The mapping of wavelengths (or detector pixel) into the time domain is determined by evaluating the edge position for each spectrum of a single time delay, using Eq. (1) to fit the edges, as shown in Fig. 2b. The analysis of all 50 shots at one fixed time delay yields an error of \(\Delta \) \(\hbox {cen}_l\) = 2.2 pixels FWHM for the leading edges and \(\Delta \) \(\hbox {cen}_t\) = 1.5 pixels FWHM for the trailing edges (indicated by the vertical shaded rectangles in the example in Fig. 2c. Together with the error bars of the error function center parameter, the overall uncertainty of the time calibration accumulates to \(\pm\,6\) fs FWHM. The entire set of calibration points for converting wavelengths into a relative time delay for each leading and trailing edge is fitted with a second order polynomial function, where time zero is set arbitrarily to the centre of the detector. It delivers the calibration curve for this timing tool (Fig. 2d), which results in the aforementioned wavelength-dependent accuracy to determine a time point within a precision of ±2 fs for any given detector pixel.

Figure 2
figure 2

Calibration of the interferometric arrival time measurement setup, utilising a 90 \(\upmu \)m thick SiO\({}_\text {2}\) plate and laser pulses at a wavelength of 400 nm from the same laser system as used for the supercontinuum generation. At each time delay of the 400 nm and the supercontinuum pulses 50 spectra are recorded, which move from higher to lower wavelengths for increasing time delay (a). Both edges of every recorded spectrum are then fitted using Eq. (1), with one example shown in (b) with leading (blue) and trailing (orange) edge fits. The centre of the error function is indicated by the dot. The 50 individual pump-probe events produce an edge position within a standard deviation of 8 pixels as indicated by the vertical rectangles in (c). The mapping of detector pixels and thus wavelength to femtosecond time delay (d) results in a calibration constant of 1.8 pixel/fs in the very red part and 1 pixel/fs in the blue part of the recorded spectral range.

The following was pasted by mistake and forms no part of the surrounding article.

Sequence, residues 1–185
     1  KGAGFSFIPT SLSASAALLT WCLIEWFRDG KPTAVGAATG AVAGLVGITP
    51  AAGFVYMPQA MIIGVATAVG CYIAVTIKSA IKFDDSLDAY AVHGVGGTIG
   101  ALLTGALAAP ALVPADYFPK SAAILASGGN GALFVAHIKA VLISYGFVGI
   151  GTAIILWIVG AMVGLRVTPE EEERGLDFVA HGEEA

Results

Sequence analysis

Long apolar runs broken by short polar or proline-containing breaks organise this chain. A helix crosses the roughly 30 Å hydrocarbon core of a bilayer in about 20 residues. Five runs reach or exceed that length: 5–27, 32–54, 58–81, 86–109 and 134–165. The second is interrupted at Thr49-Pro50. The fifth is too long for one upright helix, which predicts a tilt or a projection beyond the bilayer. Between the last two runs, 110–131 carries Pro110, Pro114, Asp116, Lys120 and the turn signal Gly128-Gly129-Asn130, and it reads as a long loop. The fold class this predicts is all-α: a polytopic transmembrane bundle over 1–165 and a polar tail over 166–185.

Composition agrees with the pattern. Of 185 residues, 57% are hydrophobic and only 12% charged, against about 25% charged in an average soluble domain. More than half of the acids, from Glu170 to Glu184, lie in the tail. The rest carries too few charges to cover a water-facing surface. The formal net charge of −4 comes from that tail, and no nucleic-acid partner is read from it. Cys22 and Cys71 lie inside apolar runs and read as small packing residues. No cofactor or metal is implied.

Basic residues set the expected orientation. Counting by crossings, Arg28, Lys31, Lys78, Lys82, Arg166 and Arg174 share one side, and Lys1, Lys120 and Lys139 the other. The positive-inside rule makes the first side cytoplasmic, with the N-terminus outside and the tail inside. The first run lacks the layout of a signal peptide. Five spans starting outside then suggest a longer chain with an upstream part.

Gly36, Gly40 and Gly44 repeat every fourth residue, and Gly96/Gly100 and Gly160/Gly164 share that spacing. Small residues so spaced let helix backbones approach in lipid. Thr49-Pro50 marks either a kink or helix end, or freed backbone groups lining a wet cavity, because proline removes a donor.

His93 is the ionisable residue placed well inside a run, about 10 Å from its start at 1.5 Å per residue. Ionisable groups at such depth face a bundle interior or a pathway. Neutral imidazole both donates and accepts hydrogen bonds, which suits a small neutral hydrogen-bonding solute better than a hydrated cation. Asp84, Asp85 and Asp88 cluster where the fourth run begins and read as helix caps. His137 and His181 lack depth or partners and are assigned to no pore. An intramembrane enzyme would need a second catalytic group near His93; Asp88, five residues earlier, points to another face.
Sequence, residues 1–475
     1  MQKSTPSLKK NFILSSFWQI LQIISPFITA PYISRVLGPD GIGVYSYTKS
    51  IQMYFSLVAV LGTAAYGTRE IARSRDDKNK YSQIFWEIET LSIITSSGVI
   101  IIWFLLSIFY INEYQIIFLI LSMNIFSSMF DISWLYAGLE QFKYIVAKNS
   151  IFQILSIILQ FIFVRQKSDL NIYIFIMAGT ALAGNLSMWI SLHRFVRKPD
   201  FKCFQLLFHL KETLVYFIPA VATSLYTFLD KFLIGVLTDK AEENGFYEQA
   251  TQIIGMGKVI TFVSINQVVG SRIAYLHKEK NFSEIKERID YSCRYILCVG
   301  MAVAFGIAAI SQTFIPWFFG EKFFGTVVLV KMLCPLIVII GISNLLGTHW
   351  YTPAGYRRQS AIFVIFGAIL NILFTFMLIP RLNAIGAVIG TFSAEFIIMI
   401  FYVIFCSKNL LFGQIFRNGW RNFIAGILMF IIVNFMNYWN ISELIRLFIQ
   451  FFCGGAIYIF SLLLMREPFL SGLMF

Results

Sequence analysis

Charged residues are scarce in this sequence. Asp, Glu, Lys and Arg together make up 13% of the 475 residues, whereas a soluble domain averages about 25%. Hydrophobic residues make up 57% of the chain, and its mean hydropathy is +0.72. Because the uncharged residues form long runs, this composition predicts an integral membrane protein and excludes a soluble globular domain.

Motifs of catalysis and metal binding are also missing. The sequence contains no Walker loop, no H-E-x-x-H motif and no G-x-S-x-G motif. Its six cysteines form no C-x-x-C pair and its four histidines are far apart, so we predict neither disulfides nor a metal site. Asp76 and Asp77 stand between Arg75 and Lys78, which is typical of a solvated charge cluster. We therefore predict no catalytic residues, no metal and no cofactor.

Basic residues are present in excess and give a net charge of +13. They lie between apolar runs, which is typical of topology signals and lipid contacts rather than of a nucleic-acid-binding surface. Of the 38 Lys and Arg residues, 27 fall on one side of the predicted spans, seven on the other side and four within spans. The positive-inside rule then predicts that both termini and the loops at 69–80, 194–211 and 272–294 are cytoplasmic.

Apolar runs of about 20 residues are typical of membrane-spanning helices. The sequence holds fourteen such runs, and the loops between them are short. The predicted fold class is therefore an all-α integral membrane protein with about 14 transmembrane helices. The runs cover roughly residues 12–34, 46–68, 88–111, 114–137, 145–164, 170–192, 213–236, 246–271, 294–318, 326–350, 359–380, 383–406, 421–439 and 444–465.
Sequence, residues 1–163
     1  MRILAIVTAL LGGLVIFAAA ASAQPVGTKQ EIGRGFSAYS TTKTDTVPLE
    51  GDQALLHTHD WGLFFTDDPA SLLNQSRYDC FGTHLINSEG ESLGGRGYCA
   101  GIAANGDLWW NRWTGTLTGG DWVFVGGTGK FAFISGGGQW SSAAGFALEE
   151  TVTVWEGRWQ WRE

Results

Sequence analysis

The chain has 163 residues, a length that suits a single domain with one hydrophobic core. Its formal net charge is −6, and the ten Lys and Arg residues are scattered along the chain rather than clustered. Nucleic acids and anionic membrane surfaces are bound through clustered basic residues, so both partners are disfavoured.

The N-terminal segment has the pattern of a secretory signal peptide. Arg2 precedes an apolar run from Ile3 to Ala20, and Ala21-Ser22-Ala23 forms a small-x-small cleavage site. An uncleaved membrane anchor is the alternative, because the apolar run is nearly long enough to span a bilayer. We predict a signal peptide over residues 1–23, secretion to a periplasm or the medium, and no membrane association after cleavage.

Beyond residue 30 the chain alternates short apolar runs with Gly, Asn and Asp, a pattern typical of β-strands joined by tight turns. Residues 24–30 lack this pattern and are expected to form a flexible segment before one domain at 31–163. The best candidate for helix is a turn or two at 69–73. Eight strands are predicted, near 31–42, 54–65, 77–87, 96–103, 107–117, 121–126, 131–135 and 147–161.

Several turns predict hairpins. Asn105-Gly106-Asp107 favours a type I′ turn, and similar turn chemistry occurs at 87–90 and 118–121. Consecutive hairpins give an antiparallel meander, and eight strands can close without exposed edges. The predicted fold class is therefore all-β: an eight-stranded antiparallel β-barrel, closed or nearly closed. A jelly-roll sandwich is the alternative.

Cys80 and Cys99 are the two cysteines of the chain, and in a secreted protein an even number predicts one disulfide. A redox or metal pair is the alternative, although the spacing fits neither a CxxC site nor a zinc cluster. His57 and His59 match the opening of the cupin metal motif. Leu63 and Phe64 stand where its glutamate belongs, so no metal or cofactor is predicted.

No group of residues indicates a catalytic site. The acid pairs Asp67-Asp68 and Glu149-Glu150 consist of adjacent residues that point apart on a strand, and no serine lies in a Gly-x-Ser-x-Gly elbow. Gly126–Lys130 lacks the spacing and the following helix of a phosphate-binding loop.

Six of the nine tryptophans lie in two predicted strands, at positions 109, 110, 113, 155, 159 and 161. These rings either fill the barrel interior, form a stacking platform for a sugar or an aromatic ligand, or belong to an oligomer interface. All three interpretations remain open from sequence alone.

Arrival time measurements

An actual liquid chemistry experiment was prepared by using a 100 mM aqueous solution of sodium iodide as the target sample, which upon focused 400 nm optical laser excitation generates nascent iodine radicals48. The goal of this experiment is to demonstrate the reliable operation of the interferometric timing scheme in the same sample used for the scientific experiment, in particular that it delivers accurate arrival time information for each X-ray pulse in the presence of an additional intense laser stimulus. Therefore, this scheme will provide additional flexibility towards a variety of samples used in liquid phase structural dynamics experiments. Since we expected an increased sensitivity of this scheme to extract accurate arrival time information, we attenuated the X-ray pulses with a 50 \(\upmu \)m thick Al foil, transmitting only one tenth of the original pulse energy, i.e. 30 \(\upmu \)J. Even under these conditions and using a relatively large X-ray spot size of 100 \(\upmu \)m on the sample and a corresponding X-ray power density of 2 TW/cm\({}^2\), a clear timing signal is measured, shown in Fig. 3a. The simultaneously recorded data of the established SACLA timing tool based on spatial encoding (Fig. 3b) has been analysed using Eq. (1) without the sine contribution (see “Methods” and ref.29) to determine the edge positions and thus the relative arrival times. With the reported42 dimensions of the line focus for the SACLA spatial encoding scheme (3 \(\upmu \)\(\times \) 780 \(\upmu \)m), using roughly two percent of the original X-ray pulse energy split from the main beam with a silicon grating, the X-ray power density of 5 TW/cm\({}^2\) is higher than the 2 TW/cm used for the interferometric timing tool. In this comparison study, 5000 individual X-ray pulses were recorded with each timing tool. In Fig. 3c five consecutive time arrival measurements with the interferometric timing tool are shown. The identical X-ray pulse arrival time measurements with the SACLA timing tool is shown in Fig. 3d.

We observe a very good correlation (Fig. 4) with a Pearson correlation value49,50 (see Eq. (2) in “Methods”) of 0.98 for 89% of the data, when comparing the arrival times measured with both timing tools. The remaining 11% of the data did not yield a trustworthy measurement of the timing signal, mainly due to occasional low X-ray pulse energy shots for the spatial encoding scheme, but also due to occasional and random disturbances of the flat sheet liquid jet, which scattered the optical beam away from the spectrometer entrance. Those X-ray arrival time measurements where the parameter defining the center position of the fitting function, in either of the two timing tools, had an error larger than 3\(\sigma \), where rejected from the analysis.

In a perfect correlation, i.e. a Pearson value of 1, all data points would lie on the orange diagonal line in Fig. 4, such that any deviation from this line is a measure for the uncertainty between the two schemes, resulting to about 39 fs FWHM (inset in Fig. 4). A major contribution to the residual timing jitter can be caused by the flat sheet liquid jet. In such systems with connections to powerful liquid pumps, mechanical vibrations can never be fully prevented. Spatial oscillations of the liquid flat sheet along the X-ray axis can introduce an additional timing jitter, not recognised by the remote SACLA timing tool. In our configuration, with an angle between the X-ray and optical pulses of 10\(^\circ \), a spatial oscillation of \(\pm\,350\,\upmu \)m would be enough to introduce the measured residual timing jitter.